But then again, I don’t know what the AP folks have in mind. Perhaps there are plans afoot to migrate the AP exams away from dependency on graphing calculators. It certainly wouldn’t take much for the AP folks to write their own lightweight graphing tool that does nothing more than plot functions, find intersection points, shade in areas, and do numerical integration (rarely are graphing calculators used on the AP free-response portion for more than these four things). Make it extremely basic, put it on the web, free for all to use, and provide it on specialized computers for students taking the exam. That way, students can learn how to use technology rather than learn how to use a graphing calculator, and both teachers and students can be freer to choose the extent and type of technology they want to use in their classes. And such a thing would probably have a longer shelf life than any TI calculator for sale or in production.

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The other potential alternative is an iPod Touch with some graphing software on it such as http://www.iphone-calc.com/wp/?page_id=67 .

Definitely a piece of school tech on the way out, along with those little voting gadgets.

By “voting devices”, you mean clickers? I hope you’re right.

Yes 🙂

I simply cannot image doing electrical circuits and a multitude of other engineering calculations on anything other than on an RPN enabled HP calculator. This, of course, is real world and not pedogogically motivated. I own both types of nSpires, plus the 83, 84, 85 and 89. Add to that many HP graphing calculators. Oh, and how about that xThink math journal for tablets? I also have derive, maple, mathematica, and matlab – all for hobby and learning pleasure.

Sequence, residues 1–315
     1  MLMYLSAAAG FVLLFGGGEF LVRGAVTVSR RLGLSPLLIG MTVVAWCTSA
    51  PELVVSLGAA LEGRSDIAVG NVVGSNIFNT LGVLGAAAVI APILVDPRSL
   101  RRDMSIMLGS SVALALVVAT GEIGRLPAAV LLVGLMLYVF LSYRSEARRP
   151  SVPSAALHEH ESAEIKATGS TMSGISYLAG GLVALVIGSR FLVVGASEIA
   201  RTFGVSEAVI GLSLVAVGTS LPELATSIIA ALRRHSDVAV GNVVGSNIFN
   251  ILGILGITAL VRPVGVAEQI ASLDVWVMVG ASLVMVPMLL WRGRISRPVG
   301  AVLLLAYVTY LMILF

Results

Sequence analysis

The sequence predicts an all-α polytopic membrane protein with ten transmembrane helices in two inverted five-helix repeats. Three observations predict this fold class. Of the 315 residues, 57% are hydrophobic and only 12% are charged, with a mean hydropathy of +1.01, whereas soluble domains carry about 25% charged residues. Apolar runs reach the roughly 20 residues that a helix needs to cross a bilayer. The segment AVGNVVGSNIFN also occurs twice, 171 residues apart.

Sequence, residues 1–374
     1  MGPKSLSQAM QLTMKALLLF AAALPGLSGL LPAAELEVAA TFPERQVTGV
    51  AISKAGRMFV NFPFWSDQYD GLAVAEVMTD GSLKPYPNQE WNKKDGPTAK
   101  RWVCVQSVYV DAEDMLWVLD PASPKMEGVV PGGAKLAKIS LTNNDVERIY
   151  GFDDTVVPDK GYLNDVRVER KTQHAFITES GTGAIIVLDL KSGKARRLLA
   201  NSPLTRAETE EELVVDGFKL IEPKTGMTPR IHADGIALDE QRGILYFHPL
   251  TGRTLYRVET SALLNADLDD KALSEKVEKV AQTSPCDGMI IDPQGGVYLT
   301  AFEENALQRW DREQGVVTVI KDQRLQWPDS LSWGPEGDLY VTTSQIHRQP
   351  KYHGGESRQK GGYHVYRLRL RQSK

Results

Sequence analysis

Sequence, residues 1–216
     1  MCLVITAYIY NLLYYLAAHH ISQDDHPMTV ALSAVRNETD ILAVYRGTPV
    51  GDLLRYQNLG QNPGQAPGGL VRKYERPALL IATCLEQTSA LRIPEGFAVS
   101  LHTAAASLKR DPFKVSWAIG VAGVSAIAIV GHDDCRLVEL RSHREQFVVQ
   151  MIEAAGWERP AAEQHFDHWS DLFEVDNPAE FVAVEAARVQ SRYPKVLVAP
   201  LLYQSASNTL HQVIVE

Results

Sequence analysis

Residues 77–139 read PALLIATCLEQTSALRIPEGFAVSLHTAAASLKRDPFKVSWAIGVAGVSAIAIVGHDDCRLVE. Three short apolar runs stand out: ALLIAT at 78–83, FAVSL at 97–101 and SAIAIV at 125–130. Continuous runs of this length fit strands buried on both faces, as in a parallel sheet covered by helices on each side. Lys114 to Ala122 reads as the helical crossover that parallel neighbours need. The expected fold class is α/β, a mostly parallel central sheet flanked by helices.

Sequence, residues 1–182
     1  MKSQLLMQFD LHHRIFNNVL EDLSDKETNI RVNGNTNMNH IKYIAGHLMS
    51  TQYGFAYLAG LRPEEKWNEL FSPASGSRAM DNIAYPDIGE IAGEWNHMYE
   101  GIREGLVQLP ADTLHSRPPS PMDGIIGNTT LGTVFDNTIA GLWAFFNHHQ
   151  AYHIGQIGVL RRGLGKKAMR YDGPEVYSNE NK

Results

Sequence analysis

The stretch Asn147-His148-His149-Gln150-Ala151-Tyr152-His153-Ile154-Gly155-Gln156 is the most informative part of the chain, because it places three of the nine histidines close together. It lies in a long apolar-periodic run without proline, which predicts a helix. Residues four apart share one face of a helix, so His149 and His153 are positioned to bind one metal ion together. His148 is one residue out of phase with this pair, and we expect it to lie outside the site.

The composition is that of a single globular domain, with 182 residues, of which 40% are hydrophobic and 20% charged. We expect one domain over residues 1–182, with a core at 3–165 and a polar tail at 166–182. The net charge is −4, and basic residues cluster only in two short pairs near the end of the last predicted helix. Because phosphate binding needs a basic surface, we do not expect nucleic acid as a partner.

There is somthing about the handheld asthetic: instant on/off, dedicated physical buttons, long battery life, ease of use. etc. This plus perhaps TI marketing is why the PDA version of calculators never took off. You have to have mass mark acceptance plus lightening quick access – nothing but dedicated calculators comes close to this. The best engineering survival tool hardware of all time: HP42S. Today it would probably be MatLab on a laptop.

Should I sell my TI collection now??

Will, the HP calculators are a breed apart. I know engineers who still swear by their HP-10c’s, and if you try to get one off of eBay you will be looking at about $100. This is for a product that was discontinued 25 years ago! It’s like the Toyota Corolla of calculators.

I still get good use out of my TI-92.

I think migrating to computers (and the associated costs to AP, and difficulties in test administration) would only be worth it if there was some tangible in-test advantage — that is, it wasn’t just the same test on a different platform, but opened for the possibility for new kinds of mathematical manipulation and new kinds of questions.

Regarding the Inspire calculators, a colleague of mine has made roughly the same argument as you; I think there are adequate netbooks for $200. There is of course the practical concern of running a class where everyone has a computer. I trust adults enough to have a Facebook window open and still be paying attention, but at earlier age groups students will do anything to get distracted. (Including of course playing Yahtzee and so forth on their TI calculator, like they’ve been doing for 15 years now.) Counterarguments have been made that everything should be project-based now anyways, but it’s difficult — I know an experimental high school in the Midwest which has every part of curriculum project-based *except* mathematics.